How To Follow Up After Sending A Job Application
You’ve spent hours carefully tailoring your resume and cover letter to each position, sent out hundreds of applications, and have become yet another player in the painfully frustrating waiting game. It’s a hair-pulling, cliff-hanging experience that makes you second-guess your every move.
It also makes you want to throw your hands up in the air and shout to the high heavens, “What else can I possibly do!?”
There’s no doubt that one of the most frustrating aspects of the job search is waiting to hear back from an employer. Every career expert will tell you applying to jobs is a tough process that takes time, to which most of us reply with a sigh and secretly think, “Not me. I’ll be the exception to the rule.”
Since your main objective is scoring an interview, here are three tips to increase your chances of winning a return phone call.
1. Be an active player.
Like my dad always yelled at my soccer games, “Don’t expect the ball to come to you. Move your feet and get it yourself!” Wise man, my dad, and he is right: You have to make your own opportunities. Before and after applying to a job, get on LinkedIn and track down people at the company. If they have a blog or a professional twitter account, get in touch with them and establish rapport. This could lead to introductions, job leads, informational interviews, or the big interview itself.
2. Show good sportsmanship.
I know I told you to be an active player, but ramming phone calls down HR’s throat is going to get you a red card and kicked out of the candidate pool fast. Many career experts are split on the subject of the follow-up call, but if you feel it’s something you must do or else you’ll lose sleep at night, then do it—but wait at least a week after applying to the job. Call once, and when you do call, make sure to ask about your application status and the hiring timeline.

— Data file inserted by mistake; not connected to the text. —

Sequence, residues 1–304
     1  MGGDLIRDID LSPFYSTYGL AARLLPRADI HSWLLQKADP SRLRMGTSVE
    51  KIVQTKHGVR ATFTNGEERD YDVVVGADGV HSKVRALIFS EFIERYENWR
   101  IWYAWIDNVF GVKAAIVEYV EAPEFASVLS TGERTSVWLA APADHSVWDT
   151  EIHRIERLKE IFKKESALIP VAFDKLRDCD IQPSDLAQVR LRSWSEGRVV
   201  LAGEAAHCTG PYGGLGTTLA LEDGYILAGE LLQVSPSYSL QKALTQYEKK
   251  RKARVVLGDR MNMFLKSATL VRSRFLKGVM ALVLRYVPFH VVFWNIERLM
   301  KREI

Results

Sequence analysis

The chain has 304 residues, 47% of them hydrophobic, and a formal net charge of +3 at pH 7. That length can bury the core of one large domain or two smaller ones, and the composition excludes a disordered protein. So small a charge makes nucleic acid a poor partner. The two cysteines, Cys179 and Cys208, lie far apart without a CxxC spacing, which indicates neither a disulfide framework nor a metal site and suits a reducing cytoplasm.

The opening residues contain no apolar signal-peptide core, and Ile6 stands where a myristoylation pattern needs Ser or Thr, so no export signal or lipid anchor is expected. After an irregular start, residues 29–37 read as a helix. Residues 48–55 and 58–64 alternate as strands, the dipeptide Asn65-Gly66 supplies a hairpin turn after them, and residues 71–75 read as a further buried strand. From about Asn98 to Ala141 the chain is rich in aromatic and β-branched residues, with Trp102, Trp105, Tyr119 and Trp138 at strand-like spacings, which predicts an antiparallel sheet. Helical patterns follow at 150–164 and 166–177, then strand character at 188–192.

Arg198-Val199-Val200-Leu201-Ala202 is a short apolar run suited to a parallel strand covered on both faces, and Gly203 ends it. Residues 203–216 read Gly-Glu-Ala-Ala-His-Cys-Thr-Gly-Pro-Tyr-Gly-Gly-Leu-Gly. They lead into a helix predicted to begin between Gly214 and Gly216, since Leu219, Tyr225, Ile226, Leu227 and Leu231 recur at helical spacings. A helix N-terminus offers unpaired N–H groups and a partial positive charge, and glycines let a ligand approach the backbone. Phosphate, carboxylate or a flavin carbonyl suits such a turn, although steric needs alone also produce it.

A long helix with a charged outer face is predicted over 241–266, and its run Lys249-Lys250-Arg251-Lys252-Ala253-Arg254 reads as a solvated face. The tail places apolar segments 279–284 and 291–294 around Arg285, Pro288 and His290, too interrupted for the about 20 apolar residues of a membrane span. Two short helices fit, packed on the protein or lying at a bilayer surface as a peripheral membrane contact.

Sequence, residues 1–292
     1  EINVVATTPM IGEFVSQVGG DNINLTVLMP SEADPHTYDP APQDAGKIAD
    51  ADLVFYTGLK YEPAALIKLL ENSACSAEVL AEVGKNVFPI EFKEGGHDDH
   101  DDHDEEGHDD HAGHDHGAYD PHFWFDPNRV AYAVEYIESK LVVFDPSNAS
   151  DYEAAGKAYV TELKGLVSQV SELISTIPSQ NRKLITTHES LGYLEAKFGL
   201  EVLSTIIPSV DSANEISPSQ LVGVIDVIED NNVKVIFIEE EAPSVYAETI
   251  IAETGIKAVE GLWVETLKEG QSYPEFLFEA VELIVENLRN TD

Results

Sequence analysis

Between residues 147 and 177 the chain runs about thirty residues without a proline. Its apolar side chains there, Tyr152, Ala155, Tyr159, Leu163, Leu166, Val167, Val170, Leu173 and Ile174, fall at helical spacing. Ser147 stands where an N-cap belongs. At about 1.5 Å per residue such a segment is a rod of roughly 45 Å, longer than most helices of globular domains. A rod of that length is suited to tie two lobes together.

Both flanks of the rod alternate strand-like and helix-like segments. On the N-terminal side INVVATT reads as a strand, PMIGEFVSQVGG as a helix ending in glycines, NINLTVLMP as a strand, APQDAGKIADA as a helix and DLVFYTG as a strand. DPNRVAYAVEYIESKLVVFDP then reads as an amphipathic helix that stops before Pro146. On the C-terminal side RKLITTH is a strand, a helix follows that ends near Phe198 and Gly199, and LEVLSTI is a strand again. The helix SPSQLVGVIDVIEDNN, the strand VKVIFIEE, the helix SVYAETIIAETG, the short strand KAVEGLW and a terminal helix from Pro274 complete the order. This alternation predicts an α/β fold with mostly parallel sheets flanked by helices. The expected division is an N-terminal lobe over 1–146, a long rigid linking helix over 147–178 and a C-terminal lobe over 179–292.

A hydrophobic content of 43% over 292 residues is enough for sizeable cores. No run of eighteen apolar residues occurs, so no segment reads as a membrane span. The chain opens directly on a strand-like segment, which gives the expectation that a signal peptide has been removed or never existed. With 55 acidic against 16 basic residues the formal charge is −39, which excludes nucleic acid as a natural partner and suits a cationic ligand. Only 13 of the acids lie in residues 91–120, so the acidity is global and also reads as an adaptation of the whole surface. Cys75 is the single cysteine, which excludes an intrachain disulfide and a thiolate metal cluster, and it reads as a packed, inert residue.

3. Don’t get lazy.
You’re on team Y-O-U and only you can help or hurt your chances of winning. Many job candidates chose not to follow up and simply sit and wait to hear back from potential employers. This is a risky move that can give off the impression that you’re lazy and don’t want the job, when we know that’s not really the case. (Of course, this is debatable as well. Some career experts swear that any kind of follow-up isn’t necessary or even wanted due to the potential of being flooded with follow-ups all day.) If the job application explicitly says, “No phone calls or follow-ups,” then DON’T DO IT.
However, there is a middle ground that doesn’t involve looking needy and desperate and can still show employers your enthusiasm for the position.
Alison Green, of askamanager.org, suggests sending a quality follow-up email that sounds something like this: "I submitted my application for your __ position last week, and I just wanted to make sure my materials arrived. I also want to reiterate my interest in the position; I think it would be a great match, and I'd love to talk with you about the position when you're ready to schedule interviews."
BAM! Short, simple, and to the point. And for introverts, this avoids making any awkward phone calls.
The follow-up is a highly debatable job search topic. What advice have you gotten? And if you’ve had a success story please share it. What worked for you could work for someone else too!